After a two-year absence due to the pandemic, the 10th AIYD conference, held in Melbourne and Sydney from May 31 until June 3, welcomed a record number of delegates.
The theme for this year's event was: "Build Back Better: a Post-COVID 19 Recovery Strategy".
- Australia and India's talented youth gathered in Australia to be a part of the Australia-India Youth Dialogue (AIYD)
- AIYD's 10th conference was held from May 31 to June 3 after a hiatus of two years
- Melbourne and Sydney played host to nearly 50 young delegates from India and Australia
Nearly 30 new participants this year explored ways to deliver a shared vision for the two countries across four keynote panel discussions on climate change and sustainability; business, fairness and human rights; the role of research, health and technology and geopolitics; and cybersecurity and defence ties.
In addition to this, the inaugural Emerging Leaders Retreat 2022 was also held with 20 participants from the AIYD alumni network who discussed the future of bilateral trade, soft power and climate change.
Steering committee members of Australia India Youth Dialogue (AIYD) attending the event this year. Source: Supplied by AIYD
The four-day conference concluded with a gala dinner in Melbourne with keynote speeches by former Australian Prime Minister and Special Trade Envoy for India, Tony Abbott, and Australian High Commissioner to India, Barry O’Farrell.
Addressing the delegates, Mr Abbott said: "India was always a more natural partner for Australia than China... We share democracy, the rule of law, to a considerable extent the English language, and of course, we have a shared passion for sports which is one of the great glues between people in different countries."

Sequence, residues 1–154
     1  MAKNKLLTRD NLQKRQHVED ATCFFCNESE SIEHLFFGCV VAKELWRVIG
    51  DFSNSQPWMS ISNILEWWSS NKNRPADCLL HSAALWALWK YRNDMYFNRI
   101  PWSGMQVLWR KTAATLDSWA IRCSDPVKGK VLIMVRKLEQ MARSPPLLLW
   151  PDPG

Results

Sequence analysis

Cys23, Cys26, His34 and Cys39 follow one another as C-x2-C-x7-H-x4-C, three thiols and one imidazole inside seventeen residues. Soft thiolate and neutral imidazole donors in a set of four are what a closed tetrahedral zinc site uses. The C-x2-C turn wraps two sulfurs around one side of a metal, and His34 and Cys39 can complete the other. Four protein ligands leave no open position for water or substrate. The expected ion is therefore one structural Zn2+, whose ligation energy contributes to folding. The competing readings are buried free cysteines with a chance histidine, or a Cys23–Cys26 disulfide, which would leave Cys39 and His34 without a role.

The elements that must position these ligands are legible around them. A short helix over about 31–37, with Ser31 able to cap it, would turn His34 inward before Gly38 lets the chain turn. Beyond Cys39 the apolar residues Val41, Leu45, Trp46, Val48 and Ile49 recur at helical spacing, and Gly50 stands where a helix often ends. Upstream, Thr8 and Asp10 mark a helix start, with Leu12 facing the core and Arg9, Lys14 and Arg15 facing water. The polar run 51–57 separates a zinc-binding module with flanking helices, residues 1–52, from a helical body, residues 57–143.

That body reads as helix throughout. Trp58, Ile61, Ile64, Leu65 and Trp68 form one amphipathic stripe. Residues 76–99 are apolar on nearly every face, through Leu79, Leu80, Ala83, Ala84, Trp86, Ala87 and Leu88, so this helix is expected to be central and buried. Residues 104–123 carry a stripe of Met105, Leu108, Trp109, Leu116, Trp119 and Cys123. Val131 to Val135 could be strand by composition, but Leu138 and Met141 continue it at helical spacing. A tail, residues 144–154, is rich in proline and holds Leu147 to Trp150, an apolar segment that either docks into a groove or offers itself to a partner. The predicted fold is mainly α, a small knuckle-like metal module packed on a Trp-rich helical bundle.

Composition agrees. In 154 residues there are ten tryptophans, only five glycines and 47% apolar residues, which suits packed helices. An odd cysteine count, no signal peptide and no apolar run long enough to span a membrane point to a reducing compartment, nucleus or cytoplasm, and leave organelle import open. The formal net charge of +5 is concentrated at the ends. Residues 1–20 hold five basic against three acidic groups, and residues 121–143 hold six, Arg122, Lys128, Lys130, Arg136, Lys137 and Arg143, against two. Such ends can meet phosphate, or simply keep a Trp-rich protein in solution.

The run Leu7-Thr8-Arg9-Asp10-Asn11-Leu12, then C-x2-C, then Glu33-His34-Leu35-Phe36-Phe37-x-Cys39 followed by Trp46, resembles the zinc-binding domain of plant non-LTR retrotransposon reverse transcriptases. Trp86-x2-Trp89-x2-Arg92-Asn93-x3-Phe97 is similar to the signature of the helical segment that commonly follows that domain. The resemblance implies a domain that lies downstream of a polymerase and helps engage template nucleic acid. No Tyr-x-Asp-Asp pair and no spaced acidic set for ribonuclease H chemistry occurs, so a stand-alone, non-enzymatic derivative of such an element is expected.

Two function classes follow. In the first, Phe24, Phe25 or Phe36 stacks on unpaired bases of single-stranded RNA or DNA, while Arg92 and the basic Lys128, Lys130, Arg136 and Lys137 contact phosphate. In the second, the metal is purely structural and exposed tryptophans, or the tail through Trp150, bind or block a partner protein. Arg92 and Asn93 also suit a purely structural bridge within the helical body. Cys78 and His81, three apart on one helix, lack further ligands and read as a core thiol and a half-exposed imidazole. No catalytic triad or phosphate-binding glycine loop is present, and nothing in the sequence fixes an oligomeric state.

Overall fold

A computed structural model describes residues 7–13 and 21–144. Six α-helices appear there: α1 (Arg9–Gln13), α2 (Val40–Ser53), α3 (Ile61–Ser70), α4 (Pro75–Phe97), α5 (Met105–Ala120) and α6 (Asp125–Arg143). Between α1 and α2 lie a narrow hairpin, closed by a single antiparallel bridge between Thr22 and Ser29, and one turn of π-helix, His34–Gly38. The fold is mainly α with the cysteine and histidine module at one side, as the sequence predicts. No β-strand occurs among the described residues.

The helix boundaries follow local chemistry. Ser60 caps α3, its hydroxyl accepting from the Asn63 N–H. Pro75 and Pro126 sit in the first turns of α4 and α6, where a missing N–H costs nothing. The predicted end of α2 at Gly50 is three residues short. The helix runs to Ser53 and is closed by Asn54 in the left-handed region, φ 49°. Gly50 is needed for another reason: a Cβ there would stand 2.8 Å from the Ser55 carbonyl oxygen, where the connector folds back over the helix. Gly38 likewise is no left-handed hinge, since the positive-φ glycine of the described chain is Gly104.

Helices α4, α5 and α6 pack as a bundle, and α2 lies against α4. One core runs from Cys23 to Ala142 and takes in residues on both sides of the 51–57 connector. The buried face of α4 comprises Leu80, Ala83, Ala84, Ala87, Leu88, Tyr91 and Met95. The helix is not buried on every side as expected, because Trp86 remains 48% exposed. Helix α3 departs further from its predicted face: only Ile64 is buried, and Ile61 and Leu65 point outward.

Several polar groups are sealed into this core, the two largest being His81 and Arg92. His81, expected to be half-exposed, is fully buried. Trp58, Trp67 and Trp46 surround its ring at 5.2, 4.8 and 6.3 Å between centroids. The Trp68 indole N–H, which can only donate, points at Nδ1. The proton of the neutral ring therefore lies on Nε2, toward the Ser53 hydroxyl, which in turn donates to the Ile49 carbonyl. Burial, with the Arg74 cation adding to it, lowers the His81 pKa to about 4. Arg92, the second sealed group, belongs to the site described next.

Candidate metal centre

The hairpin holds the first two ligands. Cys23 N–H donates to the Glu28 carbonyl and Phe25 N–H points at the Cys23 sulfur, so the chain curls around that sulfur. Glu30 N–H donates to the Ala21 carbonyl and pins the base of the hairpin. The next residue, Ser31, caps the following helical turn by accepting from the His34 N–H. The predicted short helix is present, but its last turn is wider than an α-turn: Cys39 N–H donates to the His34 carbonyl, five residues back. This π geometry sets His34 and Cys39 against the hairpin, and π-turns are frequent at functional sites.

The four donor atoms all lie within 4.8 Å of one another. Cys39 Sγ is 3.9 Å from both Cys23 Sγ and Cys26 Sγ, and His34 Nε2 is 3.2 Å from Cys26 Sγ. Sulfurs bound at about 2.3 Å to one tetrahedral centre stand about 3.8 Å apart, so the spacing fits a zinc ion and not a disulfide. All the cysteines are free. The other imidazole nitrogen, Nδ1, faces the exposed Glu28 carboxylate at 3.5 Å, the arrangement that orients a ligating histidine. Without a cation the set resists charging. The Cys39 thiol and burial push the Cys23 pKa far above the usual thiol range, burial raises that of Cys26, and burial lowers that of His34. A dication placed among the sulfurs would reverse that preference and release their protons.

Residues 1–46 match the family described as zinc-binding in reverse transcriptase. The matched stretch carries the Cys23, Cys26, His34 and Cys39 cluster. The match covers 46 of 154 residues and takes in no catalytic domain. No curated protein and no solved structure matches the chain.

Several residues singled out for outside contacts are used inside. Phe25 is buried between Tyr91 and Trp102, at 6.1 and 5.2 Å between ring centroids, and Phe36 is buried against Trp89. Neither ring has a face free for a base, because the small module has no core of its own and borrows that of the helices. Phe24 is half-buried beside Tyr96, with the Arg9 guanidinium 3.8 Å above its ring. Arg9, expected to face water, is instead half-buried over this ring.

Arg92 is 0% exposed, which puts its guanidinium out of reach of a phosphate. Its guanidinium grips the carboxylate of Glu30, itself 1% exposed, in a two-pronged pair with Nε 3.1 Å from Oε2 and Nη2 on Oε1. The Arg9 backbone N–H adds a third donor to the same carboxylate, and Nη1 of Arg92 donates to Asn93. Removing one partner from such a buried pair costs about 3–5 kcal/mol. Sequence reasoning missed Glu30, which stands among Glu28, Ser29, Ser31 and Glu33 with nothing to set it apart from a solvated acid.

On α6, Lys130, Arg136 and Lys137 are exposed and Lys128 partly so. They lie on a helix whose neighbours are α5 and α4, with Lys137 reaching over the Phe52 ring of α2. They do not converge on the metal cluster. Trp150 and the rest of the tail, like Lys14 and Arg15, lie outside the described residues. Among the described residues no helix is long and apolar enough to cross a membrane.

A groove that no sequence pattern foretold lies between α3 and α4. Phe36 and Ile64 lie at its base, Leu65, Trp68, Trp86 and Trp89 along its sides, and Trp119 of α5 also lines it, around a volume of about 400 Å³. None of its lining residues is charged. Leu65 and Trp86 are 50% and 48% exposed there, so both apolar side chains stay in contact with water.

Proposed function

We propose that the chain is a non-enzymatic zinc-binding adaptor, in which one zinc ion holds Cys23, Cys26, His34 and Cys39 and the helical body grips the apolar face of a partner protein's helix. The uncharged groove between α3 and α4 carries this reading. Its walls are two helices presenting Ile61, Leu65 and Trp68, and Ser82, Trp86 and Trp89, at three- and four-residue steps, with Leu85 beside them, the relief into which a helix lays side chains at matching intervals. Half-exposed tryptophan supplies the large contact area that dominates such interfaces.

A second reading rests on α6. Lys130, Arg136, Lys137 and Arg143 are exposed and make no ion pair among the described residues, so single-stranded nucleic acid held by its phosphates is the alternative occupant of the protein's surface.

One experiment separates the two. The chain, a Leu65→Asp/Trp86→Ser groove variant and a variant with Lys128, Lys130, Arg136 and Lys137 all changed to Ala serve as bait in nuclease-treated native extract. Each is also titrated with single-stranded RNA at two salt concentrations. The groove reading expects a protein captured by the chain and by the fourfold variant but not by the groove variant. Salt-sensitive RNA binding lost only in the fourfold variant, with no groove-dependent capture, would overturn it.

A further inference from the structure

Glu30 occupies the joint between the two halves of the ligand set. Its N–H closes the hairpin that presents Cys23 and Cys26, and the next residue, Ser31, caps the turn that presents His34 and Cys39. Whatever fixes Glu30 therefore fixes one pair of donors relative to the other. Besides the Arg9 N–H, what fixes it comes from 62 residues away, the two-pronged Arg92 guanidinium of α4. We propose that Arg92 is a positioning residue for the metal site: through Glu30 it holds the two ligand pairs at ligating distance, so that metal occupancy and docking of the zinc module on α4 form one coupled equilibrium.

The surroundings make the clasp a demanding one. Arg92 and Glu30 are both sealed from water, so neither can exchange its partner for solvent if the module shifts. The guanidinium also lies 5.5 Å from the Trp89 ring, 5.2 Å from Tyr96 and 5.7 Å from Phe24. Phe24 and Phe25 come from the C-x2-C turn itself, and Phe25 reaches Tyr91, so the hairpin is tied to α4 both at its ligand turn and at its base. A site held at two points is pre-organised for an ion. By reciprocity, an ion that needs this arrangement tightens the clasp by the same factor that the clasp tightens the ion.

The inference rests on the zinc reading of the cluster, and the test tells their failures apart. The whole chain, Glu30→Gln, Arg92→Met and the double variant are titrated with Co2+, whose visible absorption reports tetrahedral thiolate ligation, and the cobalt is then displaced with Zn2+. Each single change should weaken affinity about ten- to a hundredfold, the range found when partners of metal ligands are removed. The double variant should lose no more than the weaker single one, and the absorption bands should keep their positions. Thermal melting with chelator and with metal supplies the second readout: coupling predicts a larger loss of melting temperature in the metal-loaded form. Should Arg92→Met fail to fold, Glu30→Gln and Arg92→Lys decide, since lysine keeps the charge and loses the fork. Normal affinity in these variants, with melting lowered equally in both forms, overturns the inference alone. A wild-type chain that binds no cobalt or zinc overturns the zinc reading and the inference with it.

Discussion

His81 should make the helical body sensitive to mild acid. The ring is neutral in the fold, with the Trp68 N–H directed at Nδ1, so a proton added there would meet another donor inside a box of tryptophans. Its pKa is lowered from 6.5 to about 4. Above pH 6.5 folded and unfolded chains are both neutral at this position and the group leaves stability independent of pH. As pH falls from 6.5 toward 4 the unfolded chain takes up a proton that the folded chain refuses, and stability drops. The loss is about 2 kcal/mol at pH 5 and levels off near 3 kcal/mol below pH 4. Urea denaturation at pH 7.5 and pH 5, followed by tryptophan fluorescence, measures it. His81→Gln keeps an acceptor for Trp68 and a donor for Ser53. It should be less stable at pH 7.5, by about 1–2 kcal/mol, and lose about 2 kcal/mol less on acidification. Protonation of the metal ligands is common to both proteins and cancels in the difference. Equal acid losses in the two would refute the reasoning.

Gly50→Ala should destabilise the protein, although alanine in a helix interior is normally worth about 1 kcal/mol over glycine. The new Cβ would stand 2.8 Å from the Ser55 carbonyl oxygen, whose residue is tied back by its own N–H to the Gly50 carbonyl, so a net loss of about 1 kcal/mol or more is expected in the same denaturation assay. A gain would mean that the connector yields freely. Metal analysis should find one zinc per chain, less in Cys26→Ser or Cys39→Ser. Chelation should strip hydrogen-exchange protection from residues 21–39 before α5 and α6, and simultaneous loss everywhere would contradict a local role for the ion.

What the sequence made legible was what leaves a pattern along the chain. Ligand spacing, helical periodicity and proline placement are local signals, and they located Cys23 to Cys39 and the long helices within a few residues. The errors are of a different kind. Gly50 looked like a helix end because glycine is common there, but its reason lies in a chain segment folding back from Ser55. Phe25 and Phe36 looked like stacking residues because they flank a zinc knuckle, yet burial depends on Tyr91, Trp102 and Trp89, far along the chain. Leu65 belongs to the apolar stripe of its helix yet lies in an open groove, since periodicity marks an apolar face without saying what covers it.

Former Australian Prime Minister Tony Abbott addressed the delegates of AIYD this year in Melbourne. Source: AAP Image/Mick Tsikas
He highlighted the role of people in shaping the bilateral by saying "It is on to us to make this relationship work. Government can talk but people do, government can plan but people can realise the potential in all of these plans."
Speaking at the occasion, Mr O'Farrell pointed out the success of the recently struck trade deal between the two nations.
Australian High Commissioner to India Barry O'Farrell Source: AAP Image/Joel Carrett
"This is a wonderful deal (as) 95 per cent of India's exports will enter Australia entirely without tariffs and 85 per cent of Australian exports will enter India entirely without tariffs and this includes a large range of agricultural products," Mr O'Farrell said.
"Given the sensitivity of this, it really is a tribute to the goodwill on both sides."
Manuraj Shunmugasundaram, AIYD Steering Committee Chair, said: “The purpose of the Australia-India Youth Dialogue is to harness the energy of tomorrow’s leaders to set out a compelling roadmap for the growing ties between two great democracies."
“I am so pleased to say that this aim was met and the spirit upheld at AIYD22, with a renewed focus on recovery from the pandemic, to accelerate opportunities for the youth of India and Australia in business, the arts, not-for-profits and diplomacy."
Australia invitees included dentist Gareema Prasad; diplomat Amy Keough; Sarah Greenbaum who works for politician Julian Leeser; head of the strategy at Engineers Australia Gursimrat Bawa; and Program Manager at Asia Society Australia Eloise Dolan.
Guests from India included politician Tejasvi Surya; an award-winning serial entrepreneur Mark Laitflang Stone; satirist Prapti Elizabeth; novelist Bilal Siddiqi; and paraplegic swimmer Mohammad Shams Aalam Shaikh.
Meanwhile, a was initiated for Mr Surya’s Australian visa to be revoked as well as calling for universities including Monash University and Macquarie University to revoke their partnerships with AIYD.
In response to this, another was launched to welcome Mr Surya and raise an objection to "allowing the cancer of cancel culture to be induced in India-Australia relations."
Since 2012, each year, 15 talented young minds representing each country participate in the youth-led dialogue to promote exchange and partnership for both sides.
The AIYD’s efforts have been supported by the Australian High Commission in India, and state governments in Australia. The AIYD conference is also supported by universities and businesses that have an interest in empowering youth in the Australia-India relationship.
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